Minnesota legislation seeks to help locked-out workers


Minnesota HF 602 would provide a measure of protection for workers victimized by “lockouts” during labor disputes. Note that in this day and age, “labor dispute” is often code for what happens when corporations seek to slash worker pay and benefits, pretty much just because they can, for the sake of short-term profiteering and “shareholder value.” It’s the sort of incredibly short-sighted, selfish, vindictive crap that unfortunately didn’t die with the figure primarily associated with it (perhaps not entirely fairly), the late Milton Friedman.

The legislation, HF 602, would extend unemployment benefits for the duration of a lockout and charge a penalty to an employer that initiates the action. The bill’s lead author, Rep. Joe Atkins, D-South St. Paul, said the plan has bipartisan support.

“Both Democrats and Republicans are ticked off,” he said. “Entities come in with big promises of job creation and stimulating the economy, and then take our money, only to turn around and do the exact opposite – lock people out, not let ‘em work, cause unemployment to go up and unemployment benefits to skyrocket.”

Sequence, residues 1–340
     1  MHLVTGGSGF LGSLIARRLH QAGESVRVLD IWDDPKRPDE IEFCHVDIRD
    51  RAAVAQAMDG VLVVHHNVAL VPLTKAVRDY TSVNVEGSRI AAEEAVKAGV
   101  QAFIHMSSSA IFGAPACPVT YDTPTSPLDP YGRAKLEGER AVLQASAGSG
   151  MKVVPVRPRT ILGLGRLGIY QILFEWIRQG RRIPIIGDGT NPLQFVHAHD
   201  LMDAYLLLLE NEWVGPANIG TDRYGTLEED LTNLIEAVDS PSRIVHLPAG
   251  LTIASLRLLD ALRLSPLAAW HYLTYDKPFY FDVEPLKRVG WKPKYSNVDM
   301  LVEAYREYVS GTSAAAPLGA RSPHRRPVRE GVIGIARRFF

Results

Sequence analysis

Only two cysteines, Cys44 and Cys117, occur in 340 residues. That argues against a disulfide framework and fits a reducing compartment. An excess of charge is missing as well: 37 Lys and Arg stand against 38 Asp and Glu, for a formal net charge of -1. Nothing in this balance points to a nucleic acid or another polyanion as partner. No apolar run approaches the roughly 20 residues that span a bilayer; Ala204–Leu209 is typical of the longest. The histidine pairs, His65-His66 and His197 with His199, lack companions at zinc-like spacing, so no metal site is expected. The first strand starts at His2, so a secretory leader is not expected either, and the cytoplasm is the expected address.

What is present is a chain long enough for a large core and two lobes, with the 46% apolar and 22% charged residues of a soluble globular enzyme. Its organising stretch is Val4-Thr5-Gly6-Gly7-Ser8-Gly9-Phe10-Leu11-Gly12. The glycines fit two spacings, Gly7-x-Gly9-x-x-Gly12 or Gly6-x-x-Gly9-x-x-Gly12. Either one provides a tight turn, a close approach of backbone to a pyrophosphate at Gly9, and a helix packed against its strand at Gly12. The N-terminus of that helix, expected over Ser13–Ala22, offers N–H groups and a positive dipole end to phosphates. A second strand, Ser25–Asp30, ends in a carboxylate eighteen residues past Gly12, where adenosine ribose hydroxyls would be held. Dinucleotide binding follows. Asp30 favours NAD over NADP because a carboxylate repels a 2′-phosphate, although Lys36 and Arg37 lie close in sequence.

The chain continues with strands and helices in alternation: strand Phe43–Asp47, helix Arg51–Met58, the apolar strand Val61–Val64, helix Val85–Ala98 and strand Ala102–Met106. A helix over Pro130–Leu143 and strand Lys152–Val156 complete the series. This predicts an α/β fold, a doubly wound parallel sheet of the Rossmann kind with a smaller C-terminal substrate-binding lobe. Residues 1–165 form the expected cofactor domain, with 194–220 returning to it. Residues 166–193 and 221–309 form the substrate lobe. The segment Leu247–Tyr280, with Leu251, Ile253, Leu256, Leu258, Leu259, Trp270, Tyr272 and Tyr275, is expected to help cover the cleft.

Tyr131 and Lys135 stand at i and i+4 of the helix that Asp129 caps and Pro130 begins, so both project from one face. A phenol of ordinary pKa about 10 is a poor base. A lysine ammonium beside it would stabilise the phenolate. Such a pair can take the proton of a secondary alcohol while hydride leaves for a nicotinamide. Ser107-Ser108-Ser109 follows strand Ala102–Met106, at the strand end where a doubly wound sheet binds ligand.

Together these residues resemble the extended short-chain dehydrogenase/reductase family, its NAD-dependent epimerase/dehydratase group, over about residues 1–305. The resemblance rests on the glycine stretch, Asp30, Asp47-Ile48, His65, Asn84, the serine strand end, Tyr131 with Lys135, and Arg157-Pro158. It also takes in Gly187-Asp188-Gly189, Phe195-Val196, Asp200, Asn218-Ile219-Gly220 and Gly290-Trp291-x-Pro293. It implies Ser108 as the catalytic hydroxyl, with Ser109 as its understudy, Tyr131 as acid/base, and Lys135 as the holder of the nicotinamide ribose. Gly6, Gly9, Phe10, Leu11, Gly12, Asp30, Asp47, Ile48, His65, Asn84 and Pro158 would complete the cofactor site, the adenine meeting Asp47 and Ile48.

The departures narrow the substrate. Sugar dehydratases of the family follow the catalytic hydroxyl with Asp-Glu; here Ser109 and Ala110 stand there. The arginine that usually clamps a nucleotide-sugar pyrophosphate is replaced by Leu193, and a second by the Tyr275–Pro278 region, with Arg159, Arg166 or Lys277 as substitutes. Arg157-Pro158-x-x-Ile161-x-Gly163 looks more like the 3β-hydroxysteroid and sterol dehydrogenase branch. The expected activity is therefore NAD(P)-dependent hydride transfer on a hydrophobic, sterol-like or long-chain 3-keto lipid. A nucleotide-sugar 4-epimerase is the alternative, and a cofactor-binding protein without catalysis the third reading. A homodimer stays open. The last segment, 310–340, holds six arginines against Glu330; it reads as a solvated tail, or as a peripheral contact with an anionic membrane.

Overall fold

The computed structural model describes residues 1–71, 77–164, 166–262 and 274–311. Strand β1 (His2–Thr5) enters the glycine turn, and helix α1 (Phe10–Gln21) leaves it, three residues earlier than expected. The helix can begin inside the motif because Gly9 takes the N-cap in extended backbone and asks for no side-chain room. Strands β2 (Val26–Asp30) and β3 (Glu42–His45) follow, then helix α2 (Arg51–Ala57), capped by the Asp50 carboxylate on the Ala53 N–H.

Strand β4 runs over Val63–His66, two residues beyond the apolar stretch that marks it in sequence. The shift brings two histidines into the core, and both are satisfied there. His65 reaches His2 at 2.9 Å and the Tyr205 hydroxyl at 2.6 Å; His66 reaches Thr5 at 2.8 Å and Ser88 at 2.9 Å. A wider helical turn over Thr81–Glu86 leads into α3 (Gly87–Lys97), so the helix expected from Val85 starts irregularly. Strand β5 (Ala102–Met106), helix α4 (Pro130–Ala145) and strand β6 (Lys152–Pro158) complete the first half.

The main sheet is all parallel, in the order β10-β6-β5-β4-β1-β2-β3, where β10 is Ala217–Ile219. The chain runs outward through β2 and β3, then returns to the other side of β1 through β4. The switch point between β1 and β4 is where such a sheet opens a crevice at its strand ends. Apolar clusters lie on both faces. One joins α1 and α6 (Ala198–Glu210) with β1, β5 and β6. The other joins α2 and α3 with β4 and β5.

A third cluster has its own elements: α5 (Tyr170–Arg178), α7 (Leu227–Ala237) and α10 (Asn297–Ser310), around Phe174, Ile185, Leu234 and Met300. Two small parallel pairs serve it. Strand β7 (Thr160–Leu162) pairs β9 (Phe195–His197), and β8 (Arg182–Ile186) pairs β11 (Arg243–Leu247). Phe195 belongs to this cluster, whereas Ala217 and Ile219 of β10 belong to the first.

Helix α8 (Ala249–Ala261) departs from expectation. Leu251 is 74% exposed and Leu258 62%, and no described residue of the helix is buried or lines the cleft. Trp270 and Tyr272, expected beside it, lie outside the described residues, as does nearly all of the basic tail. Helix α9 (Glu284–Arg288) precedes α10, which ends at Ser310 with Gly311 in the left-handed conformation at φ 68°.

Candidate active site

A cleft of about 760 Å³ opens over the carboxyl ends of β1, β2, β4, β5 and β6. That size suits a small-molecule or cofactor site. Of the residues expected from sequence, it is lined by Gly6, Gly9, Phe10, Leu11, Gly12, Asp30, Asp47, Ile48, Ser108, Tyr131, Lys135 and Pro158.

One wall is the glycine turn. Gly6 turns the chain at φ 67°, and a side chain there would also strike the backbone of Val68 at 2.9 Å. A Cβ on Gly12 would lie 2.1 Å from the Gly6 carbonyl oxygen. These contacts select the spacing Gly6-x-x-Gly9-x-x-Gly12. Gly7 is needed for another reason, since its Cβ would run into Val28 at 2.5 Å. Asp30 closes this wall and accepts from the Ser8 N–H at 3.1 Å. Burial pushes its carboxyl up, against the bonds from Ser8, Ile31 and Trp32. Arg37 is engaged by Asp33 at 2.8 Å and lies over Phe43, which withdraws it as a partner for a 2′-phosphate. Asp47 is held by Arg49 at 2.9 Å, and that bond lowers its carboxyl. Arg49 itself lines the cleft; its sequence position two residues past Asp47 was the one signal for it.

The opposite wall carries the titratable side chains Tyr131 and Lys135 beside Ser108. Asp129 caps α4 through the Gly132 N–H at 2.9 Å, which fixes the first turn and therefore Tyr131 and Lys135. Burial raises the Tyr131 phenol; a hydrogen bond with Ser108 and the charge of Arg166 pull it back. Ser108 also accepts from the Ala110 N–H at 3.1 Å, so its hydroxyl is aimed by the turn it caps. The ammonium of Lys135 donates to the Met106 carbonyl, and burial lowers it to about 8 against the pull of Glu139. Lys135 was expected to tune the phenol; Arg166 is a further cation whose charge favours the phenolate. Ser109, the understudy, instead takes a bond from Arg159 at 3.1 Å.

The Employer Lockout Accountability Act also would restrict public subsidies for certain organizations that engage in employee lockouts.

Based on my understanding of this page from the Minnesota legislative website, this bill remains alive and kicking. (Bills that haven’t made it through at least one committee, soon, are dead for the session.)

If this passes into law, it would undoubtedly be swiftly subjected to a court challenge. It’s hard to see the majority of the current U.S. Supreme Court upholding it (not because of any valid legal basis, but because said majority are corporatist a**holes through and through), but that august body includes several feeble old conservative members overdue for retirement, and perhaps the composition of SCOTUS would change before it gets there.